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Publisher's Summary

The Daddies is a love letter to masculinity, a kaleidoscope of its pleasures and horrors.

The question “Who’s your Daddy?” started showing up in mainstream cultural references during the 1990s. Those words can be spoken as a question, or a challenge, as a flirtation, a joke, or a threat. It’s all about inflection, intention, and who’s asking. Apparently, we have so much shared cultural meaning about “Daddy” the speakers and listeners can simply intuit meaning and proceed to laugh at the joke, or experience the shame, as appropriate.

But who is Daddy in American culture?

The Daddies aims to find out more than who - but how the process of knowing Daddy can prompt listeners to know themselves and their society. This allegory about patriarchy unfolds as a kinky lesbian Daddy/girl love story. Daddy-ness is situated in all people, after all, and we each share responsibility for creating a fairer world.

The Daddies can be used as a springboard for discussion in courses in sociology, gender and women's studies, cultural studies, sexuality studies, and communication. As a work of fiction, The Daddies can also be enjoyed by general audiences.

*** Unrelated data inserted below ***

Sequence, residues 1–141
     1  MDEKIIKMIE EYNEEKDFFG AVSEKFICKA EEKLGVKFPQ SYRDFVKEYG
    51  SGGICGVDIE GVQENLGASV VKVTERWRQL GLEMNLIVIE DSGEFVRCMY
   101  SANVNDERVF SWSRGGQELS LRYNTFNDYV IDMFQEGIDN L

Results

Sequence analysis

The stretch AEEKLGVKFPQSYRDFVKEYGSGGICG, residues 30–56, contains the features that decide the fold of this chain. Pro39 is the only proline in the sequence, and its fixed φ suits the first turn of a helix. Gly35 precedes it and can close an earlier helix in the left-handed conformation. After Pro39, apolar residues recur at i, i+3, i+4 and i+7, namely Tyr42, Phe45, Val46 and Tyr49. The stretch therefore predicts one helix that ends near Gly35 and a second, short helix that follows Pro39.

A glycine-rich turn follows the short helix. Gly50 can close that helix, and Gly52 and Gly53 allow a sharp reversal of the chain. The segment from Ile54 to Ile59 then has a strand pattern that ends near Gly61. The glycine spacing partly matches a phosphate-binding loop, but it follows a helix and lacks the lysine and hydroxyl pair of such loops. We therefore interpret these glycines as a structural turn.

©2018 Sense/Bril (P)2019 Kimberly Dark

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Eye opening, radically sensual and rare.

Dark is both an artist and academician when performing her shockingly raw, practically confessional "novel" about preserverence, suffering, indulgence, agency, and reflection. I *thought* I had a decent understanding of American gender dynamics including myriad perils suffered by women, queer women in particular, but I was wrong. Never so beautifully and provocatively has anyone, friend or author or activist or anyone at all, invited me to momentarily and intimately experience the challenges and (I cringe to acknowledge) strangely blissful, nearly addictive aspects of highly taboo relationships which, in hindsight of listening to The Daddies, I wonder might just include most relationships involving women.